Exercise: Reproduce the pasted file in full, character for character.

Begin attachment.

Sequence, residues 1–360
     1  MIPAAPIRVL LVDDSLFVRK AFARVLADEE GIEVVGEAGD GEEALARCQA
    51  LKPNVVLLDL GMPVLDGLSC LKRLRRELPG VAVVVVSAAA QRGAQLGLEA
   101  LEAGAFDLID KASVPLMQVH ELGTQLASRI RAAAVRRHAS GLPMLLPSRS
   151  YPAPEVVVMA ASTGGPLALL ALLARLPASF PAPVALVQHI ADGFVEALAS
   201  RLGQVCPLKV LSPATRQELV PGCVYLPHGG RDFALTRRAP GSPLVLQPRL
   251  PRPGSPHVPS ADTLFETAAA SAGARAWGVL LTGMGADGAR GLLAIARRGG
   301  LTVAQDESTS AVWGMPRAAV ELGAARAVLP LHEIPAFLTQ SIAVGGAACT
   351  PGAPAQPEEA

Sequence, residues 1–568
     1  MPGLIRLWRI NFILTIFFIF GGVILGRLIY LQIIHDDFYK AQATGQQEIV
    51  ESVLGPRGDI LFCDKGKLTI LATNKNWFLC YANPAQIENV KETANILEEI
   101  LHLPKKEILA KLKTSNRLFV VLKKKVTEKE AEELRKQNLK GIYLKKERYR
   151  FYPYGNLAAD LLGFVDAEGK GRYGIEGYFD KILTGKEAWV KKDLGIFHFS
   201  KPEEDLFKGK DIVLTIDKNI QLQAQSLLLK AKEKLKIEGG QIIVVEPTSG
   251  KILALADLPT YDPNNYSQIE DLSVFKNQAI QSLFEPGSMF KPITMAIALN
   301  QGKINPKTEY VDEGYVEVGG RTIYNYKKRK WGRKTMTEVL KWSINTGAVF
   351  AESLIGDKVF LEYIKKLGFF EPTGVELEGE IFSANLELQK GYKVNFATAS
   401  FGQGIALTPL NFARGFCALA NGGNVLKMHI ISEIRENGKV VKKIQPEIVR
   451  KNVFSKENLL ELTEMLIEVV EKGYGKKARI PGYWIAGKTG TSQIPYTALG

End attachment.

Sequence, residues 1–360
     1  MIPAAPIRVL LVDDSLFVRK AFARVLADEE GIEVVGEAGD GEEALARCQA
    51  LKPNVVLLDL GMPVLDGLSC LKRLRRELPG VAVVVVSAAA QRGAQLGLEA
   101  LEAGAFDLID KASVPLMQVH ELGTQLASRI RAAAVRRHAS GLPMLLPSRS
   151  YPAPEVVVMA ASTGGPLALL ALLARLPASF PAPVALVQHI ADGFVEALAS
   201  RLGQVCPLKV LSPATRQELV PGCVYLPHGG RDFALTRRAP GSPLVLQPRL
   251  PRPGSPHVPS ADTLFETAAA SAGARAWGVL LTGMGADGAR GLLAIARRGG
   301  LTVAQDESTS AVWGMPRAAV ELGAARAVLP LHEIPAFLTQ SIAVGGAACT
   351  PGAPAQPEEA

Sequence, residues 1–568
     1  MPGLIRLWRI NFILTIFFIF GGVILGRLIY LQIIHDDFYK AQATGQQEIV
    51  ESVLGPRGDI LFCDKGKLTI LATNKNWFLC YANPAQIENV KETANILEEI
   101  LHLPKKEILA KLKTSNRLFV VLKKKVTEKE AEELRKQNLK GIYLKKERYR
   151  FYPYGNLAAD LLGFVDAEGK GRYGIEGYFD KILTGKEAWV KKDLGIFHFS
   201  KPEEDLFKGK DIVLTIDKNI QLQAQSLLLK AKEKLKIEGG QIIVVEPTSG
   251  KILALADLPT YDPNNYSQIE DLSVFKNQAI QSLFEPGSMF KPITMAIALN
   301  QGKINPKTEY VDEGYVEVGG RTIYNYKKRK WGRKTMTEVL KWSINTGAVF
   351  AESLIGDKVF LEYIKKLGFF EPTGVELEGE IFSANLELQK GYKVNFATAS
   401  FGQGIALTPL NFARGFCALA NGGNVLKMHI ISEIRENGKV VKKIQPEIVR
   451  KNVFSKENLL ELTEMLIEVV EKGYGKKARI PGYWIAGKTG TSQIPYTALG